• SPD's for commuting. Roadie clipless for other, but I'm not a fan of SPDL; tensioned float and the cleats wear out far too quickly for my liking. Anything is better than flat/cages though!
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  • cjwcjw Posts: 1,889
    Another vote for what has been said before. I have SPD on mountain bike and they are easy in easy out - would be great for commuting.

    SPD-SL on road bike. Easy out (although tougher than the SPDs) but a pain in the proverbial to clip back into after stopping at lights / traffic / junctions. Probably why so many RLJs - they just hat the thought of clipping back in :lol:

    Fortunately I live and commute (when get the opportunity) in rural Essex so very few stops and keep the SPD-SLs on road bike as I prefer the feel of them to the SPDs especially when standing up to power up the mountains (read gentle hills) we have around here :roll:
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  • RoastieRoastie Posts: 1,968
    For a commute bike I'm no fan of SPD-SLs (or any similar road pedals). I'd definitely go for the MTB type pedals.

    My pedal of choice is the Crank Bros Eggbeater, but SPDs are also decent, and provided you keep the mechanism lubed through winter they'll serve you well.

    One reason I don't like using road shoes and pedals for the commute is the inherent need to walk, and touchdown a foot at lights. On road shoes you are so much more precarious, especially when it is wet. With SPDs and decent MTB style shoes, safely put a foot down at intersections and walk around as neccesary.

    The other area where road pedals can be a liability is getting away from junctions. The number fo times I have either been slowed up by some dude battling to clip into his pedal at a light is beyond me. Also, the number of times I have heard "it is safer to RLJ because then I don't have to unclip and clip back in again" ...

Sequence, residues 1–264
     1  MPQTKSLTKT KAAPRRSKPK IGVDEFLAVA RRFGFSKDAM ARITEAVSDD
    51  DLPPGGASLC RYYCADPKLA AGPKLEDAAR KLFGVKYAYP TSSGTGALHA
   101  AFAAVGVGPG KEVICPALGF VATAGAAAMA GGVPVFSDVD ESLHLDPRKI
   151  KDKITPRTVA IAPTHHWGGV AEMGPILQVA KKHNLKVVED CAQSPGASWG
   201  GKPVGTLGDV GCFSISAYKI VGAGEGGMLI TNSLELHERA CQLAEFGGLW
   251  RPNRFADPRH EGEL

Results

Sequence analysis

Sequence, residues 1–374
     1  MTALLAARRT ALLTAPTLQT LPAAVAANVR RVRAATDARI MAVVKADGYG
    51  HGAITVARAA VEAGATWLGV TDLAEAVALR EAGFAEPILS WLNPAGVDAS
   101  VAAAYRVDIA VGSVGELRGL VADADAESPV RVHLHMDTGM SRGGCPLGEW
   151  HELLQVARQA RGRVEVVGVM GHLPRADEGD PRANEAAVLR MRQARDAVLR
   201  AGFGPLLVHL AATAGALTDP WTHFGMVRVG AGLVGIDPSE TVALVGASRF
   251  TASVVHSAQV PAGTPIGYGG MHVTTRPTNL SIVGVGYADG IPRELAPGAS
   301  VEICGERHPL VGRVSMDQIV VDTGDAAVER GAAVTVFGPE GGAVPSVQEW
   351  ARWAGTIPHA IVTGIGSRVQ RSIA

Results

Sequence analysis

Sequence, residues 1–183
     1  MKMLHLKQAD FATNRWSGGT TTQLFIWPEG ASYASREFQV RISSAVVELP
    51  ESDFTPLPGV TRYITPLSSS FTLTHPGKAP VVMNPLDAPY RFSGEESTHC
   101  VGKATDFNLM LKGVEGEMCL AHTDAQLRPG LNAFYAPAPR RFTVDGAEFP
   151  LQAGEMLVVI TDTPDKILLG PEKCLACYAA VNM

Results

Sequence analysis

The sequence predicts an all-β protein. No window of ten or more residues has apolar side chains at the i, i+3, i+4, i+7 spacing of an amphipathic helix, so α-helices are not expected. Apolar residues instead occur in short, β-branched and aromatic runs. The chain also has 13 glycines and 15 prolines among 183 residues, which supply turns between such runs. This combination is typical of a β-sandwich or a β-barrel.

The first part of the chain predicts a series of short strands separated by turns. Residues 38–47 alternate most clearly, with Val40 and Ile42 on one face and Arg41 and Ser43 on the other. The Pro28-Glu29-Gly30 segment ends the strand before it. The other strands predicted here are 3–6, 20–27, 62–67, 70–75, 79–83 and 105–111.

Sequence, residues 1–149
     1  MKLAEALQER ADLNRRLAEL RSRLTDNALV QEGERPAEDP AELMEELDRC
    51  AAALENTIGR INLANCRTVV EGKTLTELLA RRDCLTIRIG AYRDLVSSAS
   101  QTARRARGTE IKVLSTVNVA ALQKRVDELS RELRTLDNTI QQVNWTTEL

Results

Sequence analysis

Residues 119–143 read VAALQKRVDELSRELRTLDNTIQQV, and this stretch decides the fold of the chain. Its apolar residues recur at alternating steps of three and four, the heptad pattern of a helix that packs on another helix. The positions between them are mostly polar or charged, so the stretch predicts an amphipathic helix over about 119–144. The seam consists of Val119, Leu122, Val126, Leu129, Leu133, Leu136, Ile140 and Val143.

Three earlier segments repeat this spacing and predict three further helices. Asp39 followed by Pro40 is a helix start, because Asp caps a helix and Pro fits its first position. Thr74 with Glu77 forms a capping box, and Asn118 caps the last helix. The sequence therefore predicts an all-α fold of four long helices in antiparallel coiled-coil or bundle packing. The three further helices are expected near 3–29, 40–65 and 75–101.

In contrast, with SPDs and MTB shoes, you can easily get away, even if you miss the clip in on the first go, without fear of your cleat just slipping off the pedal.

    A decent MTB shoe is well stiff enough for riding; I use two pairs, my "slow shoes" which are a bit more flexy (and hence comfy) and great for nipping to town for a coffee and a bit of shopping or touring adn my "fast shoes" which are very stiff, a bit less suitable for running to catch trains, but better for training and SCR.

    Don't get me wrong, I do love my Keos for racing, but I don't think they have a place on an urban commute bike.

  • markp2markp2 Posts: 162
    I have used Shimano SPD single sided touring pedals and Lidl cycling shoes for the last 4 years and 10,000 miles.
    The shoes are currently on offer at £9.99 a pair and look like trainers and are OK for walking.. I use them for commuting, sportives and mountain biking, all with a reasonable degree of sucess.
    Why pay more?
    Genesis Croix de Fer - my new commuting mount
    Saracen Hytrail - the workhorse - now pensioned off
    Kinetic-One FK1 roadie - the fast one - hairy legs though!
    Cannondale Jekyll Lefty MTB - the muddy one which keeps tipping me into gorse bushes!